This uncanny experience occurred in the early 1990’s when I was about 40 years old and working as a psychotherapist at an outpatient clinic in Ann Arbor, Michigan. I was in session with a somewhat atypical client, an elderly woman of Italian descent who had courageously sought help late in life for problems stemming from sexual abuse and harassment which she had experienced in her youth. I say that she was “atypical” because it was unusual for me to have someone significantly older than myself as a client. This was to be a one-time screening interview for a women’s group that a colleague and I were putting together. Although I had been trained in a therapeutic orientation that was dismissive of religion and things “irrational” in general, I had recently had exposure to the transformative power of 12-step programs, and was now asking clients routinely about their religious or spiritual experience as part of the intake process.
I sat in the sparsely furnished office opposite this tall, dignified elder with neatly permed salt-and-pepper hair and began to talk to her about her beliefs. She revealed herself to be a devout Catholic, particularly devoted to the practice of praying to Saint Teresa—that is, Saint Teresa of Lisieux, also known as “the Little Flower”, not to be confused with Saint Teresa of Ávila. My client said, “They say that you can tell when Saint Teresa has been present because she leaves behind her in the air the fragrance of roses.” No sooner had these words left her lips than I was overwhelmed by a scent of roses so intense that it was as if someone had backed up a dump-truck full of rose petals to the office door and unloaded them into the room. In addition, the air between my client and myself was charged with a vibrant, deeply pleasurable energy that seemed to shimmer before my eyes like the “heat waves” that rise from hot asphalt in the summer. I was dumbfounded; terrified, really, and didn’t know what to do. My client continued to talk as if unaware of what I was experiencing, so I tried to maintain my composure and carry on with the session without remarking on what had occurred. The unusual sensations lingered for about a half an hour or so, and then gradually faded.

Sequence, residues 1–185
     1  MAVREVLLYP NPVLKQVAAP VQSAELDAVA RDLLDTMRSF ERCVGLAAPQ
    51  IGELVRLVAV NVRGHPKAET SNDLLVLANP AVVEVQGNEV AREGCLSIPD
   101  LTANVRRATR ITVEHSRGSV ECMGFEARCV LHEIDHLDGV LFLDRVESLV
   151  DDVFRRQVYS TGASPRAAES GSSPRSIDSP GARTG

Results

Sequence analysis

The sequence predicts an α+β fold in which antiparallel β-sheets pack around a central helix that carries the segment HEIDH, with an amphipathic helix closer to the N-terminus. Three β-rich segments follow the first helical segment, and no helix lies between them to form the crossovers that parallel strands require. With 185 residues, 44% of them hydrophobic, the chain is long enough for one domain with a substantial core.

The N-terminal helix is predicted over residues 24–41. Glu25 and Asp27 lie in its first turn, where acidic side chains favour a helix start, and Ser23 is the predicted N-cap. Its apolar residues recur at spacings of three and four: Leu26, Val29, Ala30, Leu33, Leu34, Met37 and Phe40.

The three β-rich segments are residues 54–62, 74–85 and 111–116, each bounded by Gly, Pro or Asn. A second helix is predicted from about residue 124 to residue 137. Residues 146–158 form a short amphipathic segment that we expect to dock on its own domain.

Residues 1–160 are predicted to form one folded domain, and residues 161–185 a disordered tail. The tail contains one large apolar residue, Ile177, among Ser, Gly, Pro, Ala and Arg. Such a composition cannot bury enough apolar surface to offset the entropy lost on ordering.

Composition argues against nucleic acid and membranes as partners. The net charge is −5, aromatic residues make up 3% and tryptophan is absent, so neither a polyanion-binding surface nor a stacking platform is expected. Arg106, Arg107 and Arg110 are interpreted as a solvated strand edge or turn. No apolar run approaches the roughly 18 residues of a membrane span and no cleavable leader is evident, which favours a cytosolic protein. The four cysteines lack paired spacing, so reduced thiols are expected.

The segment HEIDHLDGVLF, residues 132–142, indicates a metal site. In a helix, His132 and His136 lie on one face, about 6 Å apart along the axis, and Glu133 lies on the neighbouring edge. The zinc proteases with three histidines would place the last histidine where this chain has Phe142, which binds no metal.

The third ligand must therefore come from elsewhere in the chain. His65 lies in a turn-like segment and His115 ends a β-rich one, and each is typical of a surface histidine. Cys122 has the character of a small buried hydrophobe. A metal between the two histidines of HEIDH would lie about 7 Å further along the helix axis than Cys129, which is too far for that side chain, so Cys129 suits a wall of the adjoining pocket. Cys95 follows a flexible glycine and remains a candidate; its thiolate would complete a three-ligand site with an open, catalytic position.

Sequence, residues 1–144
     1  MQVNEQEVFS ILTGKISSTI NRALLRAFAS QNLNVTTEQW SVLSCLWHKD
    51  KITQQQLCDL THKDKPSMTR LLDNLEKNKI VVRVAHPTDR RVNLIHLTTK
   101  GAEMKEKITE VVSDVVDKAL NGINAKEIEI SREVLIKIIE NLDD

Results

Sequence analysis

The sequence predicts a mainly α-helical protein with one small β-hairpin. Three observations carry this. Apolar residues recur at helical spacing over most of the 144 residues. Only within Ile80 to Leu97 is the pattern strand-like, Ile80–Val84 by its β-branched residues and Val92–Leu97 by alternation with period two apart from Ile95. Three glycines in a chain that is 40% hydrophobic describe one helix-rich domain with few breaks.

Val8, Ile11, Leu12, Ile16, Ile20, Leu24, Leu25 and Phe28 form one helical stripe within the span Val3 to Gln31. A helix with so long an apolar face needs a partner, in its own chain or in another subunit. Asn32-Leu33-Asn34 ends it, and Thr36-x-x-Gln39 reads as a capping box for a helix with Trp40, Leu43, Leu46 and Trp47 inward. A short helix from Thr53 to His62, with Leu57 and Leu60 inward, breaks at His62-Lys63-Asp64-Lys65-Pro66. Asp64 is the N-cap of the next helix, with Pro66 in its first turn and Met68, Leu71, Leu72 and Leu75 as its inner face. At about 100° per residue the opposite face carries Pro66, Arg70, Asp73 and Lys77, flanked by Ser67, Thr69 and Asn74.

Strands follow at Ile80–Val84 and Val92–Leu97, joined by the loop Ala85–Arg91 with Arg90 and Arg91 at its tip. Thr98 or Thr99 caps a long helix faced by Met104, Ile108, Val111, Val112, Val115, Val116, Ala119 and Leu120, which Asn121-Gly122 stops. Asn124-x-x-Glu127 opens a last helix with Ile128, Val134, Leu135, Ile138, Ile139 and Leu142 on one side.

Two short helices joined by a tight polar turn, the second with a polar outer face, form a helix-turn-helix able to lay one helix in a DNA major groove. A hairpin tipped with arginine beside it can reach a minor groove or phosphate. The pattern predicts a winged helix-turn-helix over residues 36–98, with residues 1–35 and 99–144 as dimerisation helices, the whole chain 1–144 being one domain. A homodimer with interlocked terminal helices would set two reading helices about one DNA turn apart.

What happened? My personal religious upbringing was Protestant, in an intellectually-oriented family that was quite openly biased against Catholicism. I had never until that day heard of “the Little Flower” and knew nothing whatsoever about saints or mysticisim. My initial interpretation of what took place was that the strength of my client’s faith was such that she had somehow “channeled” to me something of her own religious experience. I still feel that this is a valid way of making sense of it, though surely only one facet of an event which is ultimately inexplicable.
What happened to me that day contributed to a process of growth which has led me to a greater awareness of the spiritual in my own life and the lives of those I endeavor to help. I now know who the two Saint Teresas are, and read about the lives of Saints on an almost daily basis. I recently came across a definition of “grace” as “the undeserved and unearned favor and love of God.” I will be grateful as long as I live for this exceptional encounter with a woman who unknowingly transmitted a gift of healing to her therapist.
- Emily P. Murphey
- Emily P. Murphey